• Processes described above are merely illustrative embodiments of systems that may provide recommendations and/or promoted items in association with a location-based service. Such illustrative embodiments are not intended to limit the scope of the present invention, as any of numerous other implementations for performing the invention. None of the claims set forth below are intended to be limited to any particular implementation of a method of providing player incentives, unless such claim includes a limitation explicitly reciting a particular implementation.
  • Processes and methods associated with various embodiments, acts thereof and various embodiments and variations of these methods and acts, individually or in combination, may be defined by computer-readable signals tangibly embodied on a computer-readable medium, for example, a non-volatile recording medium, an integrated circuit memory element, or a combination thereof. According to one embodiment, the computer-readable medium may be non-transitory in that the computer-executable instructions may be stored permanently or semi-permanently on the medium. Such signals may define instructions, for example, as part of one or more programs, that, as a result of being executed by a computer, instruct the computer to perform one or more of the methods or acts described herein, and/or various embodiments, to variations and combinations thereof. Such instructions may be written in any of a plurality of programming languages, for example, Java, Visual Basic, C, C#, or C++, Fortran, Pascal, Eiffel, Basic, COBOL, etc., or any of a variety of combinations thereof. The computer-readable medium on which such instructions are stored may reside on one or more of the components of a general-purpose computer described above, and may be distributed across one or more of such components.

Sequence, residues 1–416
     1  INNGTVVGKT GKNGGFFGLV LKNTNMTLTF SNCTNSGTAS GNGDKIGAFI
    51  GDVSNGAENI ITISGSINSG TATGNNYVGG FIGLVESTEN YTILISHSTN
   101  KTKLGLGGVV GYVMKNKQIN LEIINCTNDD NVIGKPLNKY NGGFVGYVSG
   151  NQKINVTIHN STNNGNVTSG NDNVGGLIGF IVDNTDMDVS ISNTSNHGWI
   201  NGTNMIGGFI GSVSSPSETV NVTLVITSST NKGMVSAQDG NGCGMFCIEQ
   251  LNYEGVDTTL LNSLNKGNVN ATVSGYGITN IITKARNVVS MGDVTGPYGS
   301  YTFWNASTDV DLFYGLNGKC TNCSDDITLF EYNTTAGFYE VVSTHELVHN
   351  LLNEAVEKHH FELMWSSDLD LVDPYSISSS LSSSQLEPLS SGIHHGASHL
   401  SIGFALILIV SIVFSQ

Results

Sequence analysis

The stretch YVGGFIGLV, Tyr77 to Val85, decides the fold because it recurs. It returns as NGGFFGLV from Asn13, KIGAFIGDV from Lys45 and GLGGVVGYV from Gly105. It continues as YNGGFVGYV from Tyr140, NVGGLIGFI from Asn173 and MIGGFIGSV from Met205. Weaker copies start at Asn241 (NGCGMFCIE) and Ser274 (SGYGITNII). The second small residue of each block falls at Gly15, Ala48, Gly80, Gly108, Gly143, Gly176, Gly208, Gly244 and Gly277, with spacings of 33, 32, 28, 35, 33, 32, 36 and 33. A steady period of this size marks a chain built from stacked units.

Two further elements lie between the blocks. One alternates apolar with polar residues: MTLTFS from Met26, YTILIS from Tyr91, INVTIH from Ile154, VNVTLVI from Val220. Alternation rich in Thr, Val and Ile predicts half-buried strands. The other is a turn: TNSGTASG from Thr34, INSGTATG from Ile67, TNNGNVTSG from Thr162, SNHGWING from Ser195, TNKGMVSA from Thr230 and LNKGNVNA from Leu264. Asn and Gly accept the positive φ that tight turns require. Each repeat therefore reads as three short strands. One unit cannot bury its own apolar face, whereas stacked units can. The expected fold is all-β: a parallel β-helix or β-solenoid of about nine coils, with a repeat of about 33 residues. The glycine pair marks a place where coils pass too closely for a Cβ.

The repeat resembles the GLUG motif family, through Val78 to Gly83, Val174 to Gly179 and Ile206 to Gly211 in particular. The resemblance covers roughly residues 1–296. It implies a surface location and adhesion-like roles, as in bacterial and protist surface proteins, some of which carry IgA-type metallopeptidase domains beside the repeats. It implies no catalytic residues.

• The computer-readable medium may be transportable such that the instructions stored thereon can be loaded onto any computer system resource to implement the aspects of the present invention discussed herein. In addition, it should be appreciated that the instructions stored on the computer-readable medium, described above, are not limited to instructions embodied as part of an application program running on a host computer. Rather, the instructions may be embodied as any type of computer code (e.g., software or microcode) that can be employed to program a processor to implement the above-discussed aspects of the present invention.
  • Various embodiments according to the invention may be implemented on one or more computer systems. These computer systems may be, for example, general-purpose computers such as those based on Intel PENTIUM-type processor, Motorola PowerPC, Sun UltraSPARC, Hewlett-Packard PA-RISC processors, ARM Cortex processor, Qualcomm Scorpion processor, or any other type of processor. It should be appreciated that one or more of any type computer system may be used to partially or fully automate play of the described game according to various embodiments of the invention. Further, the software design system may be located on a single computer or may be distributed among a plurality of computers attached by a communications network.
  • The computer system may include specially-programmed, special-purpose hardware, for example, an application-specific integrated circuit (ASIC). Aspects of the invention may be implemented in software, hardware or firmware, or any combination thereof. Further, such methods, acts, systems, system elements and components thereof may be implemented as part of the present invention.